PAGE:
Barn Find Z: 1970 Datsun 240Z

Many of us have probably seen Z cars of every vintage rotting away in lawns and in barns and never thought much about them. After all, they were produced in fairly strong numbers and across many years of different model generations – it was never hard to find one up for grabs as a project. That’s changing, especially as other vintage sports cars grow increasingly out of reach. The earliest Datsun Z cars are the most desirable models right now, known as a Series 1 car, and they’re selling for big bucks in restored or survivor-grade condition. The seller of this Series 1 240Z claims it’s a genuine barn find that he hasn’t even had a chance to blow the dust off of yet, and with the tell-tale sign of the vents in the rear hatch, it seems like he’s correct about it being a real-deal Series 1. Find it here on eBay with no reserve and bidding just under $3,000.

The early 240Zs are desirable for multiple reasons, from the general collectability of first-generation models of almost any iconic car to the limited production numbers to the better overall performance of the 240Z series. The slim bumpers and overall more delicate proportions were calling cards of the Z car when it was first introduced, and it gradually became more bulbous and heavy overtime. The next generation 260Z may have looked similar, but new regulations around safety and emissions requirements had a resounding impact on the car’s appearance and performance, only serving to make the earliest models even more desirable before they were even considered “old.” Still, plenty of Z cars weren’t seen as much more than a used coupe as they went through their first few owners, and overly sensitive sheet metal sent plenty of them to the scrap heap due to insatiable rust.

This car does have significant scarring caused by the tin worm, with the floors in rough shape and needing replacement. Still, like any desirable import from this era, replacing the floors has become par for the course, so it’s not surprising to see a project grade 240Z needing new floors, and certainly not a reason to write this one-off. The interior is there, and it’s a manual transmission car, which makes it deserving of a proper restoration. The body is still rough in places, and I can’t tell if that’s Bondo poking through just ahead of the driver’s side rear fender. The door sill looks good, thankfully, which is another area that is a serious liability for anyone taking on a forgotten Z car project. If the color is original, orange is a great shade to find an early 240Z in.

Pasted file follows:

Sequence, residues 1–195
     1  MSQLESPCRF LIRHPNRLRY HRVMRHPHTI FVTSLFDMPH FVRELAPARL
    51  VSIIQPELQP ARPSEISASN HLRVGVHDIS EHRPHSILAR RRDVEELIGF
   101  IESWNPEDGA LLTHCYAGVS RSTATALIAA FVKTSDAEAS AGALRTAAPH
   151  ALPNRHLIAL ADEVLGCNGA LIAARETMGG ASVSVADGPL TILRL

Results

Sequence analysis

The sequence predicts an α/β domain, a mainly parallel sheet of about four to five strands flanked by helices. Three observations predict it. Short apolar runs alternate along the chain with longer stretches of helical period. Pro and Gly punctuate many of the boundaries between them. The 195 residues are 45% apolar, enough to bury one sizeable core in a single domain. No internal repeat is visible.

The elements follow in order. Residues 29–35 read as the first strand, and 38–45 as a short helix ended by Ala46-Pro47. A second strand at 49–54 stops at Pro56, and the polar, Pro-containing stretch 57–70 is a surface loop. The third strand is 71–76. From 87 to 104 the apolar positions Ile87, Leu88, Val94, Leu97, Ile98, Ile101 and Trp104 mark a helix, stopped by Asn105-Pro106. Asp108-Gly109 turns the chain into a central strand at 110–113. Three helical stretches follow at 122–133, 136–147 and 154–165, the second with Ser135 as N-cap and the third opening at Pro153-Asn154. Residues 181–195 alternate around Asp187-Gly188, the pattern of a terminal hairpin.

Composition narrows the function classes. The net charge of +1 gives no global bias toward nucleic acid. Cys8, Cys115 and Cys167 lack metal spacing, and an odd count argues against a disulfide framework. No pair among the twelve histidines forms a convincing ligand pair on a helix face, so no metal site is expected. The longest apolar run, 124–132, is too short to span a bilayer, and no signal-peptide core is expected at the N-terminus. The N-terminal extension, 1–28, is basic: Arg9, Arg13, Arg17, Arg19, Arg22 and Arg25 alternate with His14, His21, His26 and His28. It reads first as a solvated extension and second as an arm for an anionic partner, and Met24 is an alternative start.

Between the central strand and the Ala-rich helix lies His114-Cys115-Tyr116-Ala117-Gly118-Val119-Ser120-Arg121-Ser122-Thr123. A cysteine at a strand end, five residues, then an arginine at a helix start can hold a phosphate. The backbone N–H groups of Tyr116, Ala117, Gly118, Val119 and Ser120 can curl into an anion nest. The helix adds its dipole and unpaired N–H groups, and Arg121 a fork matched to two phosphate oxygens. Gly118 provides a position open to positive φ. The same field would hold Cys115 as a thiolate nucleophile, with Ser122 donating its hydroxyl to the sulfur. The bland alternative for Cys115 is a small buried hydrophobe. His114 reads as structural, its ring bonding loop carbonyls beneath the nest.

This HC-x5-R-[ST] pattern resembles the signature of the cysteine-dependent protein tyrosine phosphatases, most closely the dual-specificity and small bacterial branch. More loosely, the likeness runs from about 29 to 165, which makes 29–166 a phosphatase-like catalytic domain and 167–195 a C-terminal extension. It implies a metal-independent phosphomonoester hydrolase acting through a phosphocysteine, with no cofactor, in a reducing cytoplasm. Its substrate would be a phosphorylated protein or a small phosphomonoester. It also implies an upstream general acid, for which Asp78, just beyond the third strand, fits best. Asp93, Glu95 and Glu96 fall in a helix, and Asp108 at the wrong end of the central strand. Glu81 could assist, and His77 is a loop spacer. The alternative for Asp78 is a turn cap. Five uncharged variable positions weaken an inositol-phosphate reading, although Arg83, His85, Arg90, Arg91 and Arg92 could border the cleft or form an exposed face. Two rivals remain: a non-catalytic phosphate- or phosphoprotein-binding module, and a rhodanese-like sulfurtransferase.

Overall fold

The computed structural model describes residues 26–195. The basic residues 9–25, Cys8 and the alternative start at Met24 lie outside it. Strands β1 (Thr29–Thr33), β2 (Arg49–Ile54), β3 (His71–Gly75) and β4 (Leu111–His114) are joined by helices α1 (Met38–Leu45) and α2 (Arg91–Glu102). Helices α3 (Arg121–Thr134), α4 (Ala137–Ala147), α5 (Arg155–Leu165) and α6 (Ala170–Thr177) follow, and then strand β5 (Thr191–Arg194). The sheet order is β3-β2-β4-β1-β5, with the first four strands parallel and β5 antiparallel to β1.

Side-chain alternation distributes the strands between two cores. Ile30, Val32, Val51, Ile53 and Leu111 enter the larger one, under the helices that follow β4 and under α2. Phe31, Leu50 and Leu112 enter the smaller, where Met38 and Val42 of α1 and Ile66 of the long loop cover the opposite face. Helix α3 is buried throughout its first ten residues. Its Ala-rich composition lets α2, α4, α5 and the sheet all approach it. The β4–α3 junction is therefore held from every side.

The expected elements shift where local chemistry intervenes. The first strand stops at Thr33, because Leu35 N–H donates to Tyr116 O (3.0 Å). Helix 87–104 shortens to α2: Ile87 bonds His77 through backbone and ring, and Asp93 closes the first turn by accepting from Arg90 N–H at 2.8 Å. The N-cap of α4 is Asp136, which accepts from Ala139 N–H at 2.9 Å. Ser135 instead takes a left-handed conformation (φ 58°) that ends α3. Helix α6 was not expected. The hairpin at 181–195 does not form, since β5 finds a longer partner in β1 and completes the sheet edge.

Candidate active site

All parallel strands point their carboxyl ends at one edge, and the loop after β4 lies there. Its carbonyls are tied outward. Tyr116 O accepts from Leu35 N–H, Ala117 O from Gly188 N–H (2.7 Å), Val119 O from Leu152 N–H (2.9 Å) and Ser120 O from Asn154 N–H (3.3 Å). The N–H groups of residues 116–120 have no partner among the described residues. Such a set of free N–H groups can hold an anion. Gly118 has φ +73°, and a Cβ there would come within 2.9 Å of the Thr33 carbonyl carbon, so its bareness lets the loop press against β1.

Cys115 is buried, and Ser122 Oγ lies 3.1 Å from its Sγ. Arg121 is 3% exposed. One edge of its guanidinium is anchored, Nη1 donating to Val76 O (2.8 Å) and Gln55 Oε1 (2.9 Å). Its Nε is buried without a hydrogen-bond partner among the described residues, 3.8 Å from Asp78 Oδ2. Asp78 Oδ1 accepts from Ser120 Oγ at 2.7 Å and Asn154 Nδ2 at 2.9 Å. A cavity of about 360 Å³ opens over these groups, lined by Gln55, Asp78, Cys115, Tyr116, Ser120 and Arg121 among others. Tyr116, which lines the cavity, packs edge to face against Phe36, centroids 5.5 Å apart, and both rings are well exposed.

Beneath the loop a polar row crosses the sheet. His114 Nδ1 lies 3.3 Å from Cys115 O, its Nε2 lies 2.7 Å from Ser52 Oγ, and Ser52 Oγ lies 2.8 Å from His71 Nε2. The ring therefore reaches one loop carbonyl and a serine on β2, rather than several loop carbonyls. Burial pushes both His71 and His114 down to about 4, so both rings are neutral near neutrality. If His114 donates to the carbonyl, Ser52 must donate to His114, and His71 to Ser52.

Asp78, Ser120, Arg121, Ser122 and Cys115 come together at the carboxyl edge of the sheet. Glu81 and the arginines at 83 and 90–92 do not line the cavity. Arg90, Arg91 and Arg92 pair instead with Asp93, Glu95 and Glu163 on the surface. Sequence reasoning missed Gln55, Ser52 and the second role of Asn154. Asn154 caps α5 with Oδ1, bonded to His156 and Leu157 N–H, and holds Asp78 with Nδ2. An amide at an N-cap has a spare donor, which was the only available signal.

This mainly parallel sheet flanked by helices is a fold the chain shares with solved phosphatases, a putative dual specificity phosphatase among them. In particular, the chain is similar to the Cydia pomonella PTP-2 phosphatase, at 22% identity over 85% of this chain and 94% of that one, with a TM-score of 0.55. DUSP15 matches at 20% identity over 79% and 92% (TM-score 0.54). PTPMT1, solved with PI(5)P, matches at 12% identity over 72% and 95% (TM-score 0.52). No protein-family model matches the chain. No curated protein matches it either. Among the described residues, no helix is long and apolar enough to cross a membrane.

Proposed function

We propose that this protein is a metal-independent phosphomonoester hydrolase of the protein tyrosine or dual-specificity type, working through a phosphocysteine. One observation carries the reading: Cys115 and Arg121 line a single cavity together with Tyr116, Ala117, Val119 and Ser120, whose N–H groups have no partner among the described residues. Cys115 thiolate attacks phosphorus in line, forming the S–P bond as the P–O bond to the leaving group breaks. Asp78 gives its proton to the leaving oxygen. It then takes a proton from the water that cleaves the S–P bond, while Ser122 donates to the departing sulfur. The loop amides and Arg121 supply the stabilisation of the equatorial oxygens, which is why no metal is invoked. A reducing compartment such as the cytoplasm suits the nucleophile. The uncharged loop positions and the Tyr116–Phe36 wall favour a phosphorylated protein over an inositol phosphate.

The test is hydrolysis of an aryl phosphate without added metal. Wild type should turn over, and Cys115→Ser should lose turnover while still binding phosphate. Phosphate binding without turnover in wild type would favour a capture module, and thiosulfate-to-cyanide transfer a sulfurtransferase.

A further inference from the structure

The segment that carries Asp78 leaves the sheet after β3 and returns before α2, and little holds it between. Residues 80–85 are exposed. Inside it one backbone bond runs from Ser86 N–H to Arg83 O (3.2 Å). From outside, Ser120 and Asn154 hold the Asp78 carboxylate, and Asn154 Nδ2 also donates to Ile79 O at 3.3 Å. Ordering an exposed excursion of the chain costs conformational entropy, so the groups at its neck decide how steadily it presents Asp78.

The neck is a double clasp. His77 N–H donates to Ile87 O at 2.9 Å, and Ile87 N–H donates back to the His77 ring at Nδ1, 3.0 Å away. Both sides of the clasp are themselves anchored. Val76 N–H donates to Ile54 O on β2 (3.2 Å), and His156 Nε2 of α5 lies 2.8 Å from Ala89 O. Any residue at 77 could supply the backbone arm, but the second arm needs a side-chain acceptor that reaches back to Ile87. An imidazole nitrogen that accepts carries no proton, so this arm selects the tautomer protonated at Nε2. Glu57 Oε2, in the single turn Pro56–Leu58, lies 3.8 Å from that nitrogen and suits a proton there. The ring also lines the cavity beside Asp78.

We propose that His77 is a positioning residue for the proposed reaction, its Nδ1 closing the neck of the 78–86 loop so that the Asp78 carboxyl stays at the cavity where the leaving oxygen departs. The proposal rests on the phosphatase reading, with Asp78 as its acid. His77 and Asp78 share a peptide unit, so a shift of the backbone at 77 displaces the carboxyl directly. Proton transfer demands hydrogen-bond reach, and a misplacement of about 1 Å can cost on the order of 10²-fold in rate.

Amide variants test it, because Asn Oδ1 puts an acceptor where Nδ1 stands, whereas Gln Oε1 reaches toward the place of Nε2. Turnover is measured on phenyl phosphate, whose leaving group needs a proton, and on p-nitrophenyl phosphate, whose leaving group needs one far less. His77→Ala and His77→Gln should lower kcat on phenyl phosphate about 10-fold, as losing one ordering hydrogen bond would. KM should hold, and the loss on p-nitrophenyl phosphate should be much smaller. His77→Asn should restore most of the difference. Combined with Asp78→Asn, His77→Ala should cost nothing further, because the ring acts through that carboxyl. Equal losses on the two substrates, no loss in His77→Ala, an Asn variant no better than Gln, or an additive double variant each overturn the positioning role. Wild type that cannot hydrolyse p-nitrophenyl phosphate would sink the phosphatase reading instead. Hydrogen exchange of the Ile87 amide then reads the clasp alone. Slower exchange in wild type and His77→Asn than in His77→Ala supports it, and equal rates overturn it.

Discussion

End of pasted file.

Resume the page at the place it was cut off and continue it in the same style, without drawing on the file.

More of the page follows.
The engine appears complete, down to the factory air cleaner remaining in place. The matching paint on the shock towers and around the engine bay suggests this 240Z does indeed wear original paint elsewhere. The seller doesn’t offer much in the way of detail about the 240Z ‘s history or where it was stored prior to being dragged out into the light, but for anyone chasing a 240Z project, those details don’t tend to matter as long as the car hasn’t already broken in two. The price at the moment seems cheap given what genuine Series 1 cars are selling for in restored condition, but it’s also possible the market has pulled back a little bit so that the roughest cars aren’t selling for crazy money. It seems like a smart buy as a project, however, as I can’t see genuine Series 1 cars losing their value anytime soon.

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Comments

  1. Mogen

    Nothing that $ 100k plus can’t fix.

    Like 7
    • stu

      That’s pretty cheap fix….lol

  2. Charles Sawka

    Put it right back in the barn.

    Like 6
  3. Mr.BZ

    “Many of us have probably seen Z cars of every vintage rotting away in lawns and in barns and never thought much about them”–not I, my friend!!

    Like 2
  4. EPO3

    Take the rear hatch off that’s were the money is

    Like 3
  5. Stan Marks

    Do not pass GO, do not collect $200, go directly to the car crusher.

    Like 1
  6. DON

    Of course he didn’t have time to wash the dust off , he’s a flipper and he couldn’t even wait to take the car off the flatbed to snap some pictures !
    That being said , these cars are in demand, and even if this one is too far gone it will be a treasure chest of hard to find parts.

    Like 2
    • Stan Marks

      Not too far good, Don.
      It’ll make for the perfect vintage lawn ornament.

  7. Steve Clinton

    This must be where old Japanese cars go…melted down and made into toys.

  8. Bob Davis

    This POS looks like it was dragged out of a junk yard . It is not a candidate for a 250 GTO conversion .That’s the only reason I looked at it .

  9. terra nova

    Drive as is.

    Almost perfect.

    Sympathetic restoration

    Put it back in the barn, Clem. That’s next year’s fertilizer

    Oops, gotta find a bathroom, hot trot for trailer.

    Wheel shifts inward as suspension fails at frame in minor rust-alanche.

  10. Kenn

    For a DIY it seems to me this would be doable, and have a nice ride for not way too much money. No, not concourse doable, but why does every “find” have to be destined for that. By the way, numbers matching? Original miles?
    Where are all the commentators who find that of utmost importance?

  11. Z daddy

    Hard to fine to find parts? Maybe, other than that it’s DONE !!!

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